Excess Returns and Law of Diminishing Returns

It’s human to sometimes yearn for more than the ordinary.  In the case of investing, we yearn for “excess returns”.  Simply put, excess returns are above and beyond the returns ordinarily available from investing in a broad-market index fund.  Market returns are often called “beta”, while excess returns are called “alpha”, which implies excess returns are inherently superior to mundane market returns.

I decided a long time ago that seeking alpha was not a particularly mindful investing strategy.  Among other things, it’s nearly impossible, and in most cases, it’s completely unnecessary. In the pages of Mindfully Investing I’ve supported this conclusion with stacks of data and careful consideration of the opinions of many smart and experienced investors.

Nonetheless, I see stuff everyday calling these obvious facts into question.  Many prefer the self-deception that they probably have the skill to find and tame the elusive beast of excess returns.  But like the Greek myth of Actaeon, the more ardently they hunt, the more they risk instead having their portfolios ripped apart by their own hounds of pursuit.

I’ve struggled to find better ways to illustrate the futility of hunting for excess returns.  So, here’s a new way to think about it that you’ve probably never seen before.

The Most Important Investing Graph That You’ve Never Seen

Try googling, “the most important graph in investing”.  You’ll get all sorts of interesting candidates, some of which look something like this example I generated using Portfolio Visualizer.

The graph shows how U.S. small cap stocks (red line) outperformed U.S. large cap stocks (blue line) by about 1.65% annualized since 1972, generating nearly a million more dollars from an initial $10,000 investment.  It’s easy to find many types of graphs like this supporting one pitch or another for how to obtain excess returns.  They’re all based on the question: how much money will you generate in a given time span?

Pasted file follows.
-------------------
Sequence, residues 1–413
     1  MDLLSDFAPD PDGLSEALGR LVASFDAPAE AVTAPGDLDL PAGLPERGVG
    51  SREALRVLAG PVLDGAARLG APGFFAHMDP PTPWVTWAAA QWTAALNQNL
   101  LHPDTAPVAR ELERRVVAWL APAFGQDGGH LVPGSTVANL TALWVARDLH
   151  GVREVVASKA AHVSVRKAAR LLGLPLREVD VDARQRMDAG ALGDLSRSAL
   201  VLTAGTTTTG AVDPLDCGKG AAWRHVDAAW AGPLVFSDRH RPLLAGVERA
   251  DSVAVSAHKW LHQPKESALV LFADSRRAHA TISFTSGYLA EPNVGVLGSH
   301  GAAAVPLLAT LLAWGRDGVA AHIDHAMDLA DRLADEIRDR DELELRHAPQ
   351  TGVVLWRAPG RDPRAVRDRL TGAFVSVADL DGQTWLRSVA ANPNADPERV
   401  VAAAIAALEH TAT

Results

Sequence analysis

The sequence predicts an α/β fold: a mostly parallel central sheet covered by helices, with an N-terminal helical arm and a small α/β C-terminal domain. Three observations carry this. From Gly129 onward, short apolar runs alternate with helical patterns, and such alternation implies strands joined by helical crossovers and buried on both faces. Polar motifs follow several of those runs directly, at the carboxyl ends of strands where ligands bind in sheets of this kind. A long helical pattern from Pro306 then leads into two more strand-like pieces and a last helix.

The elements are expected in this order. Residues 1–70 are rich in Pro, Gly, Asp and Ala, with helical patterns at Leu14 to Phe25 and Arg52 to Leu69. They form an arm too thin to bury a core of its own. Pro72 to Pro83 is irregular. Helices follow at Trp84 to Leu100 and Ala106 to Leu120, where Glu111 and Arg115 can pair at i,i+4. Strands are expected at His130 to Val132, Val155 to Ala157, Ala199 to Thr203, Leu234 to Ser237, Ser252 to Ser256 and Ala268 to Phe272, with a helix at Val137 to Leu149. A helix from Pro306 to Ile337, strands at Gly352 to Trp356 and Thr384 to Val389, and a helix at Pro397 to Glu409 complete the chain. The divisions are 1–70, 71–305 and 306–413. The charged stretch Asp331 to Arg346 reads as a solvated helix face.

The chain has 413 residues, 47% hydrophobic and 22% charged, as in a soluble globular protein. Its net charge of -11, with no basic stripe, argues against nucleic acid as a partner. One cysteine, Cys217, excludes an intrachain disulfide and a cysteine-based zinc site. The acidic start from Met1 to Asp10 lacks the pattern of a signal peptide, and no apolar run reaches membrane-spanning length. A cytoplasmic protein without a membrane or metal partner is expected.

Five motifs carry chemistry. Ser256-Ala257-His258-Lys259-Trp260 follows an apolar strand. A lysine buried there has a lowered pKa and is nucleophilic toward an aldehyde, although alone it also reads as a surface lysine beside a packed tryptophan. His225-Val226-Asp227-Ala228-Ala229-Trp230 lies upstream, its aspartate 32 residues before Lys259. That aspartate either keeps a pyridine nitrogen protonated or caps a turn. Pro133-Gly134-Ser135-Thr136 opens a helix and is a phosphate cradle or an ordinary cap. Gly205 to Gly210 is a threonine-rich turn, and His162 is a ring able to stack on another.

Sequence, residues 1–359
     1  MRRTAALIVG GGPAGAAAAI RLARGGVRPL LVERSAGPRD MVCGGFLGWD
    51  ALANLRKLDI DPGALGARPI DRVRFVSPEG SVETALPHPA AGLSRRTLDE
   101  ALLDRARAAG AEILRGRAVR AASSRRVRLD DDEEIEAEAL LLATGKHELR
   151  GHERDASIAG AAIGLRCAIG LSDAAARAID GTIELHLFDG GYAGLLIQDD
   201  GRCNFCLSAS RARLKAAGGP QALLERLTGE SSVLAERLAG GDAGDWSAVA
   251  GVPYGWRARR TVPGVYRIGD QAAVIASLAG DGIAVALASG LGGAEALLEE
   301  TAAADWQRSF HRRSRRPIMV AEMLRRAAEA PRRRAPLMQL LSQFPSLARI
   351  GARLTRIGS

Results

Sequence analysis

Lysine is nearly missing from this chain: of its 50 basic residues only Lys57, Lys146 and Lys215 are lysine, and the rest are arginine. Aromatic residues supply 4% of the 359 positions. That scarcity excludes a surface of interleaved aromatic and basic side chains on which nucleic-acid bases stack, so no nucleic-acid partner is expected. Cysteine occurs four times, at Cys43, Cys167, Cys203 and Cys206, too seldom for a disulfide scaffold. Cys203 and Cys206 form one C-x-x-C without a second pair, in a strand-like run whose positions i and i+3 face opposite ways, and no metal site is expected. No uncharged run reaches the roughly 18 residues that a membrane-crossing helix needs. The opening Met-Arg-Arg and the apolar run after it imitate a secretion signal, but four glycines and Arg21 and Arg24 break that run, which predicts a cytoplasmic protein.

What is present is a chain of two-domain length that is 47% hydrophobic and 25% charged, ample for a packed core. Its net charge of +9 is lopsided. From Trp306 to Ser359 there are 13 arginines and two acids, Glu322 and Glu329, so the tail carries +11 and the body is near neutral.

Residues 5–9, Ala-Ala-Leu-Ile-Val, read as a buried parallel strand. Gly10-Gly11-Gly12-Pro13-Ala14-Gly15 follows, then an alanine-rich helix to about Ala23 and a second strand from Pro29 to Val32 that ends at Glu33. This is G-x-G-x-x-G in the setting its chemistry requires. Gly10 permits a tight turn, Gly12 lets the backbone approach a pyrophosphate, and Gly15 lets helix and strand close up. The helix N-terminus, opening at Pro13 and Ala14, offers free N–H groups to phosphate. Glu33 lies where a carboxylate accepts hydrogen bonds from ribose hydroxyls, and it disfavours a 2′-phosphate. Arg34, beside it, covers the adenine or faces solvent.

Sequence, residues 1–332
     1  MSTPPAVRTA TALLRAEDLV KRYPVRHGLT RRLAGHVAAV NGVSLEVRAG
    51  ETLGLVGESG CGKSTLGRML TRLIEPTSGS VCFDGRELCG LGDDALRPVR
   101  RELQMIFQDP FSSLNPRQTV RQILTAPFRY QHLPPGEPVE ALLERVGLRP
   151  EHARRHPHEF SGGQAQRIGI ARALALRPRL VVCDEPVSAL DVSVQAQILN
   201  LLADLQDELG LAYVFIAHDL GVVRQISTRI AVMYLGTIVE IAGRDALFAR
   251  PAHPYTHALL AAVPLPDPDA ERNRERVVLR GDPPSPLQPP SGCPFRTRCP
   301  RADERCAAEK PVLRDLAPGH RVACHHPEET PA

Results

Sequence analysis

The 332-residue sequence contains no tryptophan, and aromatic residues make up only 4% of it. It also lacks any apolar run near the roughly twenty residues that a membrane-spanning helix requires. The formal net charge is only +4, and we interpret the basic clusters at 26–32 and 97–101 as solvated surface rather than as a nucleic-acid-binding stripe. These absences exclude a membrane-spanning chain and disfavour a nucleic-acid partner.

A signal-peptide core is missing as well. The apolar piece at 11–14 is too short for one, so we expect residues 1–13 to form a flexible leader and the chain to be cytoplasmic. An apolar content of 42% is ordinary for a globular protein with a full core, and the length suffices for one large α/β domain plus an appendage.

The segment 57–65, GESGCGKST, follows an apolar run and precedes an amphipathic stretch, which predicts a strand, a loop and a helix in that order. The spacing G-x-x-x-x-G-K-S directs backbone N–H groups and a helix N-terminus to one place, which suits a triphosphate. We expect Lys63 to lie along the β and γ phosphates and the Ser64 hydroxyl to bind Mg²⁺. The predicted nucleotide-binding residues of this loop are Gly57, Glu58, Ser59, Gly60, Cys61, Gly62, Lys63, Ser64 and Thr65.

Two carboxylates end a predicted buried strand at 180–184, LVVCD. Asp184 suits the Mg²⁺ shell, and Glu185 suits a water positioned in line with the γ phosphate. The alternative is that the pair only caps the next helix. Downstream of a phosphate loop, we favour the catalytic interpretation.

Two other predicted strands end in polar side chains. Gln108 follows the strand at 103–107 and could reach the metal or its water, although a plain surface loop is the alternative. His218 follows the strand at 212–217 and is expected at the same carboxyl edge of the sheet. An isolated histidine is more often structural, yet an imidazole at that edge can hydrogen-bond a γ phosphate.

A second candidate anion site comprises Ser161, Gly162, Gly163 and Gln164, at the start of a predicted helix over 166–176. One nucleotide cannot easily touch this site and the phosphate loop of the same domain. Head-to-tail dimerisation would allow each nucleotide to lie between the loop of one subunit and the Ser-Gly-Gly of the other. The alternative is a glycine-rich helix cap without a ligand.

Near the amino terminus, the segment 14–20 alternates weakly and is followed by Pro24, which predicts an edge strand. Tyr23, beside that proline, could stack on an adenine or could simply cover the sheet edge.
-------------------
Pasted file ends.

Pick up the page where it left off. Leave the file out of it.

But what if we turn that question on its head, and look at: how much time will you need to generate a given amount of money?  Upside-down thinking is the favorite tool of expert investor Charlie Munger, who likes to say “Invert, always invert.

Inverting this question results in what I think is the most important, but simple graph in investing.

For each additional percent you try to obtain above the market return, the less impact you have on the time it takes to meet an investing goal.  In the case of this graph, the goal is doubling your money.  Situations where greater efforts lead to ever lessening benefits (if all other variables remain the same) is often called the law of diminishing returns.  Here the “returns”, or benefits, are in the form of time saved on the vertical axis, which shouldn’t be confused with the investment return rates on the horizontal axis.

Let’s look at a specific example.  In this version of the same graph, I’ve added notes showing the historical and expected-future returns for bonds and stocks.

The expected future market return for stocks is about 5%.  At that rate of return it will take about 14 years to double your money from a one-time initial investment.  What if you worked really hard to beat that market return by one percent?  Then you double your money in about 12 years.  So, for all that hard work, you saved about 2 years out of more than a decade.

Because no one can predict the future, the stock market could produce returns more like the historical return rate of 9%, in which case you’d double your money in 8 years.  If you tried hard for a 10% return instead, you’d have saved yourself less than 1 year!  And this analysis assumes that your concerted efforts come with no added investing costs, which is usually not the case.

To illustrate it another way, this graph shows the amount of time you’d save by obtaining each additional percent of return.